First Minster Plays Long Game in Push to Stay In Single Market

By Paul McLennan in our Edinburgh office.

So Nicola Sturgeon must be seen to be doing all she can to make things work. Scotland’s place in Europe is a “serious” and “reasonable” compromise, she said, as she launched the 50-page book yesterday. The Scottish Government will argue for what is in the best interests of not just Scotland but the whole of the UK.

Although she talked resolutely of her unwavering commitment to Scottish independence yesterday, it is the last option, the nuclear button. If Scots were asked the same question again, the polls suggest they’d vote as they did in 2014 (perhaps ironically, Sturgeon pointed out that had Scots backed indy two years ago we wouldn’t be in this Brexit mess).

The first strand of the First Minister’s plan is for the Scottish Government to influence Theresa May’s Government so that the UK remains in the single market through the European Economic Area (EEA) and the EU Customs Union.

She did, however, acknowledge that doing so could prove immensely challenging and therefore presented her second strand, which was for Scotland to forge its own relationship with the EU while remaining in the UK.

Although senior UK Government figures have ruled out a separate Scottish EU deal as being totally impractical, Ms Sturgeon suggested Scotland could stay within the single market even if the rest of the UK leaves the EEA.

Scotland could become a full or associate member of the European Free Trade Association (EFTA). Commonly known as the “Norway option”, Ms Sturgeon’s paper said this would mean Scotland being party to the EEA agreement.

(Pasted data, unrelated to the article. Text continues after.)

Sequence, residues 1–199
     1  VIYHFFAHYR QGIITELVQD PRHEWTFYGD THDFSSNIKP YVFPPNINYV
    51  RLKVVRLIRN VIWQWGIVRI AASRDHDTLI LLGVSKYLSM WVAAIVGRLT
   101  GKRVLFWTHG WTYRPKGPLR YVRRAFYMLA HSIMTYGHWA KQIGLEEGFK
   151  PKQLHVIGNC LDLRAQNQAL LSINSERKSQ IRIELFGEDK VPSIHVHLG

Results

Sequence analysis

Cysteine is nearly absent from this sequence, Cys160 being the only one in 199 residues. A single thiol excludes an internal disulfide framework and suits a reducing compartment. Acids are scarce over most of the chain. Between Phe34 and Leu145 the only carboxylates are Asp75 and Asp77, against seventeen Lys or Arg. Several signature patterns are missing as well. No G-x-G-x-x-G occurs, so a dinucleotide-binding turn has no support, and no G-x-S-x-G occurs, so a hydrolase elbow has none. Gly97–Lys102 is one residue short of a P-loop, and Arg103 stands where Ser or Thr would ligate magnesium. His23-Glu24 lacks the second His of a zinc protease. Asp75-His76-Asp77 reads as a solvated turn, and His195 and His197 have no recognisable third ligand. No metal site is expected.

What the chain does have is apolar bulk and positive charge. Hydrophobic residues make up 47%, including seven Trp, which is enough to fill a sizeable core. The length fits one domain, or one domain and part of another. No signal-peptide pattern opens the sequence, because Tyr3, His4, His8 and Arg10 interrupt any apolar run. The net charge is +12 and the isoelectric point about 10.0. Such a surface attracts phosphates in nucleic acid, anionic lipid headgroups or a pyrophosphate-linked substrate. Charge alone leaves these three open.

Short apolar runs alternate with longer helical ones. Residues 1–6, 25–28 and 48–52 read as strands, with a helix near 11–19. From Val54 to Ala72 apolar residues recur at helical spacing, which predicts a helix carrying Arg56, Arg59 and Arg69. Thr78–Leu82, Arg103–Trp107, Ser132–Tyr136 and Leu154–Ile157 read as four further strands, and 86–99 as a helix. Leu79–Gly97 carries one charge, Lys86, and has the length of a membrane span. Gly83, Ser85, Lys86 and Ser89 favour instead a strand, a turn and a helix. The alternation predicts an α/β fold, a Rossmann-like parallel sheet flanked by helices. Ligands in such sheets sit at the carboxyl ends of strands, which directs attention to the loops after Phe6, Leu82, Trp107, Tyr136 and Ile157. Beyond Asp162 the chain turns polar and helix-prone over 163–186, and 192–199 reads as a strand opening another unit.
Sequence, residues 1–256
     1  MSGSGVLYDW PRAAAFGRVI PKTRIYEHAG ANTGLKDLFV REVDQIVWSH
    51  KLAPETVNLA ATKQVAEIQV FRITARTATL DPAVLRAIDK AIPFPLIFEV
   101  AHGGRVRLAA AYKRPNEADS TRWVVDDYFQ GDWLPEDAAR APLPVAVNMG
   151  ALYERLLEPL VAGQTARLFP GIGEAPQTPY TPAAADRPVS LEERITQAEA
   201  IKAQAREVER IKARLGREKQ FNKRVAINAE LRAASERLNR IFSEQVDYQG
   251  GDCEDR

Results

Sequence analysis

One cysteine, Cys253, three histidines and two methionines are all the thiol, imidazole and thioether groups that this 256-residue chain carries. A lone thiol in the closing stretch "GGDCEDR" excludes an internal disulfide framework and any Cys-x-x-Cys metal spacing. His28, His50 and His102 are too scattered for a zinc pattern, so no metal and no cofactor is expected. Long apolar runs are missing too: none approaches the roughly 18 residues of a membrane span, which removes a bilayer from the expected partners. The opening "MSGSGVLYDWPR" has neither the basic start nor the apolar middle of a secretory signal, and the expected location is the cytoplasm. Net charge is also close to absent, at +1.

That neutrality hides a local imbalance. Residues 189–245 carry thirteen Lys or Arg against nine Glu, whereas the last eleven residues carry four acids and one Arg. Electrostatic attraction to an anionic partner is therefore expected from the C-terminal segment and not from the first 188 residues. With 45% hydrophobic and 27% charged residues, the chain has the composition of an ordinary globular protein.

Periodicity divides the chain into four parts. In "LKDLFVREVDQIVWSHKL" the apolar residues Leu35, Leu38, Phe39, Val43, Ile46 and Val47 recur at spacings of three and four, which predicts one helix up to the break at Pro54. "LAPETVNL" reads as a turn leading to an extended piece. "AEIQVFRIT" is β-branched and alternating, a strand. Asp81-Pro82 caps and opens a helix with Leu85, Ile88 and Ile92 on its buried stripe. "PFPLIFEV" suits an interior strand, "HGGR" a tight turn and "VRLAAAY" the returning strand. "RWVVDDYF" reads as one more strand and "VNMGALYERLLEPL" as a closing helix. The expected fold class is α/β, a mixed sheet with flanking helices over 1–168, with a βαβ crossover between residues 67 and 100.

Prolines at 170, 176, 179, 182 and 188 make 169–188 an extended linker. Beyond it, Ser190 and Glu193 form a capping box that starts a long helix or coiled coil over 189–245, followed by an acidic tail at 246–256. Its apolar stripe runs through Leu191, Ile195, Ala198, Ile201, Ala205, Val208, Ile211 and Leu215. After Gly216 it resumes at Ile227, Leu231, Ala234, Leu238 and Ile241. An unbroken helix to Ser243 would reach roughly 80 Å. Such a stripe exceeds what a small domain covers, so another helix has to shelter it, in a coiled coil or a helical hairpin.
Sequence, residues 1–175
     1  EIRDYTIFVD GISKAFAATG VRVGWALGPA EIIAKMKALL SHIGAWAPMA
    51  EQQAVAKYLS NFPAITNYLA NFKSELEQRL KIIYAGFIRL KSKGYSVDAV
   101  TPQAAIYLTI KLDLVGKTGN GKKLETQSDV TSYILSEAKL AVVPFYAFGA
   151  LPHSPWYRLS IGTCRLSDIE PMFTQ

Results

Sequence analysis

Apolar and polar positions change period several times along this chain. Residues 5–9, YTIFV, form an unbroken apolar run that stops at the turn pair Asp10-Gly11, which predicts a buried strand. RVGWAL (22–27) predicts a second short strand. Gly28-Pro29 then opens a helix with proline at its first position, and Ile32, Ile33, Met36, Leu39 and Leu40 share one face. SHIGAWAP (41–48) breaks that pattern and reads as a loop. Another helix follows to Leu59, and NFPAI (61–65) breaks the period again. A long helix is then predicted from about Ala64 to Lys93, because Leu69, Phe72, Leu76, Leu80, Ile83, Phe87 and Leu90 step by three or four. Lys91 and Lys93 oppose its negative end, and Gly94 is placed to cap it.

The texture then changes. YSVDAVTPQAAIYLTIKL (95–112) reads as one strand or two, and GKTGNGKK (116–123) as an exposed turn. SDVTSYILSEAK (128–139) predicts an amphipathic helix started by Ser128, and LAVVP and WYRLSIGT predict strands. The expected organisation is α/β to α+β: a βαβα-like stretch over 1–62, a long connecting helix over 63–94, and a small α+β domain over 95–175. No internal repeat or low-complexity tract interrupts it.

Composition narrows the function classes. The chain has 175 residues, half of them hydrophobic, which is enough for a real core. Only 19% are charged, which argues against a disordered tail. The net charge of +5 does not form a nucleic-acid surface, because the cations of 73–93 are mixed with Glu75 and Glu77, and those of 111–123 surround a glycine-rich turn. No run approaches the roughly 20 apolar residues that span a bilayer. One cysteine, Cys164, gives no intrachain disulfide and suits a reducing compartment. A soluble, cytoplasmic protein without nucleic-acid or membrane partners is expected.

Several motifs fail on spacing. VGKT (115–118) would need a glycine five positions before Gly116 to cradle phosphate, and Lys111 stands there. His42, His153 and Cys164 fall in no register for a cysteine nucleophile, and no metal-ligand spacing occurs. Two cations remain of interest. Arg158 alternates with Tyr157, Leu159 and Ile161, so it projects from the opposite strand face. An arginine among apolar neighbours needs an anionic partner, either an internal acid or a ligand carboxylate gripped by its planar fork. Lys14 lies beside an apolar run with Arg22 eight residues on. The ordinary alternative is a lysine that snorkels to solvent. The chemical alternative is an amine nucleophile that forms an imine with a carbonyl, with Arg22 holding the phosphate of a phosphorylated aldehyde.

According to the First Minister, both options would need to be underpinned by a substantial transfer of power to Edinburgh.

Key areas to be considered for further devolution included: immigration; import and export control; competition law; social security and energy rights.

The paper argues there would need to be repatriation of devolved matters such as agriculture, fisheries, education, aspects of health, justice and environmental protection which have been governed by EU law.

The paper further calls for the repatriation of some areas which are currently looked after by Westminster including employment law and health and safety legislation. Ms Sturgeon described the paper as a “compromise” given that her preferred option was for an independent Scotland within the EU.

What Next?

In my opinion, the worst thing the UK government could do with the plans is to trash them.

That’s because, in the end, what’s most at stake in not just Scottish independence but the better and less centralised governance of the UK.

If that means that Scotland exerts effective pressure on the May Government to avoid a hard Brexit, then fine.

If Theresa May does not agree to the Scottish Government proposals, the First Minister may press ahead with plans to hold a second independence referendum.

The Scottish Government would first bring a bill before Holyrood, probably sometime before the end of this parliamentary year. While the SNP has not got a majority, support from the pro-independence Scottish Greens would allow the legislation to pass.

Once done, a Section 30 order, would be required from Westminster, allowing the referendum to be held.

This of course may all depend on the terms that the UK negotiates with the EU over Brexit and any additional powers coming to Scotland.

The stakes are high.

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